But not, I swore, from memory, and therefore the Ode.

In the solitude of the desert, as I became increasingly exhausted from writing, Safta became so real to me she seemed to be in the room. I can''t describe how terrible it was, out there, as I continued, daily, reading the papers, trying to notice and remember and immortalize millions of starving and dying children. Watergate happened that year. Nixon quit. Vietnam was rapidly falling apart. I wrote and wrote. An Ode is the broadest of poetic forms and I put into Safta's Ode prose poems, news clips, journal entries, and her visits.

Suddenly it was winter and up in the yuccas there, snow fell, the wind started, 90 mile an hour sandstorms scoured the paint off the car doors in a night. Flash floods covered the roads with sand and pebbles. We were sealed in the motel room, writing, both of us, all day, all night, listening to the wind. Outside the windows, total black, as if we'd been sealed in a space station miles above the earth. It felt that way. Fine sand sifted in everywhere, we blew it off the insides of the windows, we ground it between our teeth. Viv, only 19, in over her head, burned out mentally before I did. Slowly, she withdrew. Our friend Mr. Fisher, that kind man, let her live in another of the motel's units, no charge. He kept an alcoholic girlfriend in a third, and a friend of his was dying slowly in a fourth, rent free, I'm sure. Living with the Fisher King in the Waste Land, the poet's wife Viv losing her mental grip -- everything that year had an uncomfortable, hyperreal quality. I had tried to slip outside real life, and I had succeeded almost too well.

A friendly critic, Jay Martin, had arranged a fellowship at the Huntington Library in San Marino, for January and February. We stumbled down from the desert into that self-consciously patrician place. Viv and I were both exhausted and ill, worn out with writing and with each other. She collapsed and moved back to her mother's. All our stuff was up in the Desert. I was now doing the final writing surge on Beyond Control and the Ode to Safta both, in an apartment which had nothing in it but the mattress and bedding, in which I lay on the floor. When the ulcer pain pulled my muscles out so I thought I was having a heart attack, the Emergency Room form asked whom they should call, and I couldn't think of anyone to write down.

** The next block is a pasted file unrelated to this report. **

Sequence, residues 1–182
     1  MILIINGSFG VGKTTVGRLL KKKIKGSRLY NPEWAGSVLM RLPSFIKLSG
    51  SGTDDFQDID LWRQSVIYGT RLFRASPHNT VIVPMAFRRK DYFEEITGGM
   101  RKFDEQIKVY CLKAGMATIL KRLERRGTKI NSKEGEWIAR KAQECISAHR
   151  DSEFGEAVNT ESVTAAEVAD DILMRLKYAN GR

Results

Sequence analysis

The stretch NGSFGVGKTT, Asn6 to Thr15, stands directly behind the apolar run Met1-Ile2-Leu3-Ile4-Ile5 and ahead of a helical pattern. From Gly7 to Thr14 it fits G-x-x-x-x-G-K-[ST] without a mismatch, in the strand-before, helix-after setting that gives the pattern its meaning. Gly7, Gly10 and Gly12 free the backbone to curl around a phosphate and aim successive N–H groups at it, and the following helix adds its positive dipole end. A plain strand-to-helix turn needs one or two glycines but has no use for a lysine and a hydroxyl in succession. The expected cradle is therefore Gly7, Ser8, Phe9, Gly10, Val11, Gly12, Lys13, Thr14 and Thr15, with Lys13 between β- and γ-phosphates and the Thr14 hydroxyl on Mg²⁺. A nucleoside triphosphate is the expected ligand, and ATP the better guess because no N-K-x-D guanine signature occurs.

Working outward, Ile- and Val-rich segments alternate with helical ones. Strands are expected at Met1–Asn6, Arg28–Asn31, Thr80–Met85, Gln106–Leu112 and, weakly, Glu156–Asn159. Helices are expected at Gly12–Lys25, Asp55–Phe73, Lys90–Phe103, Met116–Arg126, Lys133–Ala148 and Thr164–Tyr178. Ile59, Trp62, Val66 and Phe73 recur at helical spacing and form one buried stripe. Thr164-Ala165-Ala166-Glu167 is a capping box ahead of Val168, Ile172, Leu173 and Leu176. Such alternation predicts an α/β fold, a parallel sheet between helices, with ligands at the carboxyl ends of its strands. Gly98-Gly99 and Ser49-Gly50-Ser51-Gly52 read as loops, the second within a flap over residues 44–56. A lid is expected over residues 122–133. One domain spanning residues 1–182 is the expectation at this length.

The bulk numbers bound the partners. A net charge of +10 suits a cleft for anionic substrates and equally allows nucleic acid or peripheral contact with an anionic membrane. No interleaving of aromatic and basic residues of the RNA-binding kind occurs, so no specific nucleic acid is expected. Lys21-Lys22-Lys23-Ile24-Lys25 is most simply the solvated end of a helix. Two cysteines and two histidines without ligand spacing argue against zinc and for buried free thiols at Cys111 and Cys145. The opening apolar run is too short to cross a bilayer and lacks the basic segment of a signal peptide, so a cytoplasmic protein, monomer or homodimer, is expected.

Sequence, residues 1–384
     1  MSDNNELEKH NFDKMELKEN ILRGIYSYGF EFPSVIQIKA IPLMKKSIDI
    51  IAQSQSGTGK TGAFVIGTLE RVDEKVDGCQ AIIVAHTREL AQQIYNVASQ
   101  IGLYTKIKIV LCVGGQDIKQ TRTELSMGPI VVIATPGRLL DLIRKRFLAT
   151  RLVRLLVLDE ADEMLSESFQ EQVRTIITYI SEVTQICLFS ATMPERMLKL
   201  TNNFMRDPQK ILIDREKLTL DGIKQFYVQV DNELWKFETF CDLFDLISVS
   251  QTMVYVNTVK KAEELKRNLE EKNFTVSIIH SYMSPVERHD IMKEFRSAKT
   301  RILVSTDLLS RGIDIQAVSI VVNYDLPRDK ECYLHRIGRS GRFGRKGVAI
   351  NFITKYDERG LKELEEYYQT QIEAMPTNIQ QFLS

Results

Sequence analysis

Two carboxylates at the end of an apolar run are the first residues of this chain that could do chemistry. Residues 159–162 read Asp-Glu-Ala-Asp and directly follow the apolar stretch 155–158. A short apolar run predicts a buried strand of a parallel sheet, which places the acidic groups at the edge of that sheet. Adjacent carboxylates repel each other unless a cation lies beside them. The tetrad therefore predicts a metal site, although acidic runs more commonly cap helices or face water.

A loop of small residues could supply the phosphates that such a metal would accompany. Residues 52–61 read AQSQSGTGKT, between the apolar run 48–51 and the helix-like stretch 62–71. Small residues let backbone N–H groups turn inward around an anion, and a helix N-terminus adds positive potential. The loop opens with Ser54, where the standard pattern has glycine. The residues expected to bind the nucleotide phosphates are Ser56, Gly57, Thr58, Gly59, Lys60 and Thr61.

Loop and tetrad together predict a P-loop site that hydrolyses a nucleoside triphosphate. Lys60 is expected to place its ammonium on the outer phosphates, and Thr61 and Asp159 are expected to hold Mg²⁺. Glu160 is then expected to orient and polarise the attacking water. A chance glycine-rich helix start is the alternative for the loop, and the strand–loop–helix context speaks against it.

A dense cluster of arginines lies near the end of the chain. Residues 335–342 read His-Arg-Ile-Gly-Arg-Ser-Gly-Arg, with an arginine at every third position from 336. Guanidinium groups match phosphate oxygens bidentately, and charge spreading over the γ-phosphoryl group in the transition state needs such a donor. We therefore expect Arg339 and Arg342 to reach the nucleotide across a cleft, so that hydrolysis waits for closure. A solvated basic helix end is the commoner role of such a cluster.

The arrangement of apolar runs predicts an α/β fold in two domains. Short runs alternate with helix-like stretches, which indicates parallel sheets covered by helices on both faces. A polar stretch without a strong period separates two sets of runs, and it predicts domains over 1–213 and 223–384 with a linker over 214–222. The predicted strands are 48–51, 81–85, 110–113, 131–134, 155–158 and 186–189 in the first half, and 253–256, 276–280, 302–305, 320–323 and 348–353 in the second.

I called Barbara. When the critic David Carrier recently interviewed me(Note1) -- which led me finally to talk about all this, after 26 years -- I told Professor Carrier I was in a sleeping bag, but I have now found photographs from when Barbara came up, and they show a less dramatic mattress and a stereo. She must have brought them. She is worth a novel by herself, and like Viv, she moved in and out of the Odes narrative. Barbara Johnson was -- to stay with T.S. Eliot -- an "Infinitely gentle/ Infinitely suffering thing." Her suffering was mental, a psychosis. Barbara lived on an inexorable upward manic track. The snapshots just found show that too. Every three months, the roller coaster slowly ratcheted up, up, through zones of childlike joy and near mystical excitement at ordinary life, to the giddy top; then free fall and the plunge down the other side into another locked ward. For Viv and myself, who had loved the characters Marilyn Monroe played in Some Like It Hot and Bus Stop, knowing Barbara was a shock. You hadn't thought anyone like that could exist in real life. You knew she couldn't take it forever -- and she didn't -- but that didn't cast a shadow over life with Barbara, quite the opposite, it lent intensity. Like many with progressive diseases, she was so grateful for the normal days, she lived them with heightened joy, and one shared that joy. Viv moved out, Barbara came back.

Illustration: Barbara Johnson (1944-1979) in the apartment.
"Some infinitely gentle, Infinitely suffering thing."
--T.S. Eliot

She poured into my empty room like sunlight, bringing her manic life and energy, she brought food for me, she nursed me. This time, she said, plaintively, "I'm going to keep my cookies together." From an eerie re-enactment of The Waste Land, my life once again changed into a bittersweet Billy Wilder comedy. But the excitement accelerated the upward climb of the rollercoaster car, the comedy's pace became frantic, and after only a week the poor thing vanished into another locked ward.

After that I lay on the floor too weak to go out, too sick to eat, for five days.